A Gwen Stacy from an alternate Earth has become a household name as a superhero in recent years – but the original, mainstream Marvel Universe Gwen is about to get her first solo spotlight ever in a five-issue limited series from writer Christos Gage and artist Todd Nauck.
Launching with February 12’s Gwen Stacy #1, the series will flashback to a time before Gwen Stacy knew Peter Parker or Spider-Man – but not before she got involved with his enemies. Going up against the Crimemaster and other Spidey rogues, Gwen will contend with her place in a world of superpowered villains and help her father, Captain George Stacy, suss out a mystery.
Following a conversation with Gage , Newsarama caught up with Nauck to discuss the ins-and-outs of depicting a non-super teen in a super world, grounding Spider-Man’s mythos without losing his high-flying sense of adventure, and figuring out exactly what Gwen’s 90s high school fashions would have looked like.
Newsarama: Todd, you’re no stranger to Spider-Man’s corner of the Marvel Universe. What’s different about drawing the core Gwen Stacy in a leading role – pre-Spidey?
Todd Nauck: This is straight up Gwen’s book. Not a Spidey book that features Gwen. She’s the star. She’s the hero. It’s her chance to really shine and we get to see her life before she meets Peter Parker.
Nrama: You’ve got a kinetic style that has made your Spider-Man stories stand out. How do you utilize those artistic ideals to ground this more down-to-earth tale in the Spidey mythos?
Nauck: For me, it’s all about capturing the character. Whether it’s Spider-Man web slinging through New York or Gwen collecting clues to solve a mystery, I love to get into the mind and personality of the character and bring that to the page. And, hopefully, connect the character to the reader.
Nrama: What’s been your favorite thing about drawing Gwen Stacy so far? Which characters have you been surprised to connect with?
Nauck: I think tapping into an unseen time in Gwen’s life and showing who she is before we meet her in Amazing Spider-Man #31 is a lot of fun. Christos has written so many cool, fun things to draw. But I’d say anytime I can draw Gwen engaging a classic Spidey rogue is a very fun contrast in characters!
Nrama: This story flashes back to Gwen’s pre-Spidey high school days. What influences are you drawing on to depict this era of Gwen’s life? What considerations are you putting into the high school fashions and environment?
Nauck: Nick Lowe, Lindsey Cohick, Kathleen Wisneski (our editors on this series) and I went to lunch while I was in NYC and we were able to discuss the visual aesthetic of this series. We want it to look like the past, like early Marvel Universe. But not necessarily 1963 nor 10-15 years from now. We want the past to look “classic” but not pigeon-holed into one specific era.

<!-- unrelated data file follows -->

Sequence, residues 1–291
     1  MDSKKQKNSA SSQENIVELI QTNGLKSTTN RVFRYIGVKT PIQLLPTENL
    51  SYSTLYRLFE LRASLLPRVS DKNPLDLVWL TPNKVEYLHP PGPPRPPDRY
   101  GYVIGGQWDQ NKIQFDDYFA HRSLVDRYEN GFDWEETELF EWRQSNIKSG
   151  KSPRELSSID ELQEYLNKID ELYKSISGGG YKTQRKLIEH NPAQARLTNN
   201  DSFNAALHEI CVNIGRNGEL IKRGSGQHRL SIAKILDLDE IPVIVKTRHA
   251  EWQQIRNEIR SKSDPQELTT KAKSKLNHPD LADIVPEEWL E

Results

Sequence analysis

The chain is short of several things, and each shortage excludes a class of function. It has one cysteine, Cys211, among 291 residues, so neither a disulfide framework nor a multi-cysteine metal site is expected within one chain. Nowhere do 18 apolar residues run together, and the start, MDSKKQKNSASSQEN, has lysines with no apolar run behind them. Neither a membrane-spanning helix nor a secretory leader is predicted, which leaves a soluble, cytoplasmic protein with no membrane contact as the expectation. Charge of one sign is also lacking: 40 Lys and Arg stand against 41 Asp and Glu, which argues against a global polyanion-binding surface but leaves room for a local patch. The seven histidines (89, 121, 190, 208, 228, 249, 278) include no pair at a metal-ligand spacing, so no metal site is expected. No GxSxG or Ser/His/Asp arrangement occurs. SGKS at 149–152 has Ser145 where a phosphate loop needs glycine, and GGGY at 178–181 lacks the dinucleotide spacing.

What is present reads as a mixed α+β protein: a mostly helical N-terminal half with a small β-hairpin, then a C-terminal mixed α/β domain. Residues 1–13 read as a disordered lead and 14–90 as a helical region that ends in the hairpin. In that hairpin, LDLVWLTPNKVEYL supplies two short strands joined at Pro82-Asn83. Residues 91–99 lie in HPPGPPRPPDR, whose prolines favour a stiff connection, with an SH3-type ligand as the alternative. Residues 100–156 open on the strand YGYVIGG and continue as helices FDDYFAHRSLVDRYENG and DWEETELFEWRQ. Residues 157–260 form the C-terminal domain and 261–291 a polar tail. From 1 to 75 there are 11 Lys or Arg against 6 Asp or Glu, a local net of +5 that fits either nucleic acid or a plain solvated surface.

So cars, appliances, and tech look somewhat older than now. We’re not having characters use a lot of mobile devices. Not to say we wouldn’t see that kind of tech if necessary. But if it’s not a visual we need, I’ll leave it out.
As for fashions, I did a lot of research for outfits for Gwen that would look timeless. Fashions cycle around every few decades, so there is a lot I could draw from that gives her a classic look without looking dated or vintage. Same goes for Harry Osborn, the students of Standard High, and the citizens of NYC in general.
Nrama: We know from future solicitations that Crime Master will show up. What other aspects of Spidey-lore can we expect cameos from?
Nauck: I’m not sure how much I can say. But Crime Master is definitely not the only Spider-Man rogue we’ll see in this story! We also get lots of Gwen’s dad, Captain George Stacy who, later, becomes a father figure to Peter. And there are some other Spidey-related characters that we haven’t seen in a long time play a prominent role!
Nrama: You’re working with Christos Gage, another veteran Spider-Man creator. What’s it like working with Christos so far?
Nauck: Christos is great! I’ve been a fan of his writing on books like Amazing Spider-Man and Superior Spider-Man.
This isn’t our first time to work together. We did a Spidey/Clash story for 2017’s Amazing Spider-Man #25. He has such great voice for Spider-Man and his cast. He’s very open to my ideas and questions. We’re both looking to put as much fun and cool stuff into this series as we can and make it the best book we can!
Nrama: What’s your favorite thing from one of his Gwen Stacy scripts that you’ve drawn?
Nauck: There is a heartwarming flashback moment featuring Gwen and Harry and the beginning of their friendship in issue #2.
It’s a sweet scene where they realize something they share in common. Keep an eye out for that!
Nrama: How has this new angle on Spider-Man’s supporting cast influenced your perceptions of the wall-crawler himself?
Nauck: It’s just been a lot of fun to draw so many great characters from Spidey’s past. Spidey’s mythos runs deep. And I think a core principle of that is Spidey surrounding himself with people who want to do good in the world just as he does. People that truly care for each other and support each other.
Nrama: What makes this story a must-read for fans of Gwen Stacy?
Nauck: It’s a chance to get to meet Gwen as a teen like we did with Peter Parker in the early days of the Marvel Universe in Amazing Fantasy #15 and the early issues of Amazing Spider-Man. We get to see who she is before we (and Peter) meet her at Empire State University. And we get to have a fun adventure and mystery along the way.
As a fan of the Gwen Stacy character myself, I love this story and the direction it’s heading. Christos is doing a great job constructing an exciting and interesting story, and there are so many fun Easter eggs for Gwen fans that I have had so much fun reading and drawing!